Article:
More than Words: How Grammar Can Change Your Poetry
Whether you’re writing a haiku, a sonnet, or an epic, the rules of grammar and punctuation in poetry can be a bit cloudy—but that’s for a good reason. Rather than taking a prescriptive approach to grammar and punctuation, many poets like to bend and even break the rules to take their poems to new heights. But those same rules provide structure and clarity, so it’s important to understand them well before we break them.
Punctuation marks often slow readers down, so be conscious of whether they’re working for or against you. For example, commas can indicate brief pauses or breaths, while periods can add a sense of finality. On the other hand, an absence of punctuation can help a poem pick up speed or indicate the speaker’s state of mind.
- Commas are considered to be the weakest form of punctuation, but in poetry, they may also be the most flexible. Because line breaks help to create natural pauses in poems, many poets will forego the comma altogether. However, commas can still be incredibly useful to indicate a slight pause within a line.
- Em dashes are a great choice when you need a comma with more drama, but you’re not ready for a full stop. The em dash can help you place more emphasis on the clause that follows.
- Semicolons can be tricky in any genre, but especially in poetry. Semicolons are a great tool to use when you want to join two ideas, and you’d like the reader to take a brief pause in between them. They can also be used to create a caesura, or an extended pause.
- Periods mark a full stop. In poetry, a period at the end of a line is called an end-stop. This indicates a definite pause or full breath before the reader continues to the next line. If a period is used in the middle of a line, it creates a caesura.
- Exclamation points and question marks are pretty specific use cases. While exclamation points are some of the least used punctuation marks in poetry, there are plenty of odes that sprinkle them in generously. And question marks, well, belong to questions.
- Line breaks cannot be overlooked as a form of punctuation in poetry. It’s important to remember that line breaks aren’t just the end of the sentence or the end of the physical page. Line breaks help create rhythm in a poem, they help separate ideas, and they create dynamic tension. And, of course, we can’t talk about line breaks without talking about enjambment, which is when a sentence spills into the next line without punctuation. Enjambment is the polar opposite of an end stop. Rather than indicating a pause, enjambment can intensify the relationship between the last word in one line and the first word of the next.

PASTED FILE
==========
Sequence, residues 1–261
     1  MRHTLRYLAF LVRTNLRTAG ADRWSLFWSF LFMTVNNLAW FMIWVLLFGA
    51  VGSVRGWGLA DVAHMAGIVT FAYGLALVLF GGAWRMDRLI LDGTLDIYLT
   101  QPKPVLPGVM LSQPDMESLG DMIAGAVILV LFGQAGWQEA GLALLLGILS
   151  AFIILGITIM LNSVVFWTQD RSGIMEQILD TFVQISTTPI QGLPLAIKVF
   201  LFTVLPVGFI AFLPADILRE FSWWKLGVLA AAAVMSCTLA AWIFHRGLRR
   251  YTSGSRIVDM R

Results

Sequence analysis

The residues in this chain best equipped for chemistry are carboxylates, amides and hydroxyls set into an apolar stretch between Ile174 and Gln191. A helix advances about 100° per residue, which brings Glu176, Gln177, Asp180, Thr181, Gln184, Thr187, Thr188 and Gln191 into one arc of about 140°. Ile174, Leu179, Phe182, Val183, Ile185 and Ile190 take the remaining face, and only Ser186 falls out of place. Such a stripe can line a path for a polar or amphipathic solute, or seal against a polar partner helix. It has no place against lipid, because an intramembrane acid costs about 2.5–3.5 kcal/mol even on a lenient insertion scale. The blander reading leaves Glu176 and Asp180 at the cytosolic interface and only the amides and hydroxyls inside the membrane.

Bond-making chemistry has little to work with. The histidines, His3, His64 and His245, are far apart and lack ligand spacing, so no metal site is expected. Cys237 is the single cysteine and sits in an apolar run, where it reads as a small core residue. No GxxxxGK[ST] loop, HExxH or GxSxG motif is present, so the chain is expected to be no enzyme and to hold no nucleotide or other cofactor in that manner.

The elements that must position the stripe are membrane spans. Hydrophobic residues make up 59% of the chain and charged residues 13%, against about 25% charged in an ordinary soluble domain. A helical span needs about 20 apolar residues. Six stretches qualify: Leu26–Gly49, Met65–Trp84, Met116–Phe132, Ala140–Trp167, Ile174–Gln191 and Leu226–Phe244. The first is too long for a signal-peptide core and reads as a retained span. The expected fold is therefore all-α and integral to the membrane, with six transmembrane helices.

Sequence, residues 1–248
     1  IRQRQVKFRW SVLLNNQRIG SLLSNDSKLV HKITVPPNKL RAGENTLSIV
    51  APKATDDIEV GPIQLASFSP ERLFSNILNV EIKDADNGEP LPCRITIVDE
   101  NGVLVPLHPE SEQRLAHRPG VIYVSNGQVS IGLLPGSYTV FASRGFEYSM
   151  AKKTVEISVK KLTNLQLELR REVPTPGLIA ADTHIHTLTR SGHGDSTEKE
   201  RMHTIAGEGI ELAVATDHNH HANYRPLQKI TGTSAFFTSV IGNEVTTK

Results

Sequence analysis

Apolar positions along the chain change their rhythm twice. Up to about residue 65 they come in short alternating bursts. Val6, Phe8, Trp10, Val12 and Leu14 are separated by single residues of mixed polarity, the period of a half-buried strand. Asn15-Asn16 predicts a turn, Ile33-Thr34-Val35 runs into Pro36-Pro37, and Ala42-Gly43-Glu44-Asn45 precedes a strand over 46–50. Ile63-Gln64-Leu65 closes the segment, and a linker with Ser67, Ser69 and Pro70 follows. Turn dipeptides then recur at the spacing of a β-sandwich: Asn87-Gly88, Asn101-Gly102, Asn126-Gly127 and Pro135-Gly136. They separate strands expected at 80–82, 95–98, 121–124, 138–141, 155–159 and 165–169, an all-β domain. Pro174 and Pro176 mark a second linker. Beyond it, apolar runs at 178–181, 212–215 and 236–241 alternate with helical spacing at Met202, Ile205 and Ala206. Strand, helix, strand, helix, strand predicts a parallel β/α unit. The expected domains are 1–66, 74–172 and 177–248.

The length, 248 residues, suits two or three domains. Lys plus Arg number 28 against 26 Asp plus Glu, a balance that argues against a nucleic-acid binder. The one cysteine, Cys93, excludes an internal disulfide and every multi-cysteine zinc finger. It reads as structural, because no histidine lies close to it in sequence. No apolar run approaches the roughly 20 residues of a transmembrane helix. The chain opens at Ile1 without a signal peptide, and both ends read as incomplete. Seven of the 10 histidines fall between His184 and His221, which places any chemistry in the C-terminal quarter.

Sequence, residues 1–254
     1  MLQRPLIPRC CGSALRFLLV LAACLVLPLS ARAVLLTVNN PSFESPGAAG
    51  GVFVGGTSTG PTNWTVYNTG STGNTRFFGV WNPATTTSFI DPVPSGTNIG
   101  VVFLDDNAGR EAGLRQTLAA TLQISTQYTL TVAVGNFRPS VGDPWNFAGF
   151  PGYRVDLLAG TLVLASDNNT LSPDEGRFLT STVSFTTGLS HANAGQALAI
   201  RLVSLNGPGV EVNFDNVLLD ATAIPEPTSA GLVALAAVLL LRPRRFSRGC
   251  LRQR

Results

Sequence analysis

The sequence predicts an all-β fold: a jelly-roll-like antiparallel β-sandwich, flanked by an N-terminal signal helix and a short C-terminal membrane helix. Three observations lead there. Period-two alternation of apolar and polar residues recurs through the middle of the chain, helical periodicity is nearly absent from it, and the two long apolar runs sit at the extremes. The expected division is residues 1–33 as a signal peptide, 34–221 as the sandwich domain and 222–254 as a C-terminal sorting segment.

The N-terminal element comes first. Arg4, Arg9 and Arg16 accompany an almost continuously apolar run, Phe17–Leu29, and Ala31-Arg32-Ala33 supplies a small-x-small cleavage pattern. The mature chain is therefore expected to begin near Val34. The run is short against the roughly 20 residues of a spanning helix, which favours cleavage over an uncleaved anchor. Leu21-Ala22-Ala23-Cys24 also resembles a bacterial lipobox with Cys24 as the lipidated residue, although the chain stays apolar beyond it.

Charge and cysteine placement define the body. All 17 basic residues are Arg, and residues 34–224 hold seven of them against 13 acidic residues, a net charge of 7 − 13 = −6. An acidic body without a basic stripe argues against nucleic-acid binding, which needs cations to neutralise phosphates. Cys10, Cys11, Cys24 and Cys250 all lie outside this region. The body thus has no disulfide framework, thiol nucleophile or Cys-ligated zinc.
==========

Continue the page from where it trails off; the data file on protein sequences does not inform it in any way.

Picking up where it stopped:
The traditional rules of grammar in poetry require capitalization of the first word of each line (in addition to proper nouns). While plenty of successful poets follow this rule, there are many who break them—especially in contemporary poetry. Some poets choose to forego capital letters altogether, while others strictly adhere to tradition. The key to using capitalization to your advantage is to remember that it draws the reader’s attention. A capital letter may indicate the start of a new sentence or idea, or it can signify importance when applied to a certain noun or pronoun. Meanwhile, the absence of capitalization can create a more relaxed or subdued tone.
In English, we generally expect sentences to follow a basic word order: subject-verb-object. However, poets have the opportunity to play with this structure to create a sense of abstraction, or even chaos, in their work. This is difficult territory, but E. E. Cummings might be one of the most famous poets who’s pulled it off. See “anyone lived in a pretty how town,” for example. While Cummings largely flouts traditional rules of grammar, he creates structure through literary devices like alliteration, imagery, and enjambment.
Check your consistency
While it can be fun to play with the rules of grammar, consistency is usually a different story. When you’ve been swept away in the throes of creativity, it’s common to overlook elements of consistency like subject-verb agreement, verb tense, numbers or colors of items, and so on. Be sure to check for these types of inconsistencies when you’re ready to proofread your work. And if chaos is your game, still check that you’ve stayed committed to a certain aesthetic of chaos throughout your poem.
No matter what tools and tricks you choose to employ in your poems, the most important thing to remember is to be intentional. We can’t simply ignore the rules of grammar just because we don’t like or understand them. We must be using them to our advantage. Every single comma, period, and asterisk must be pulling its weight. Before you settle on an unconventional grammar choice, ask yourself, “How does this create or support the poem’s meaning?”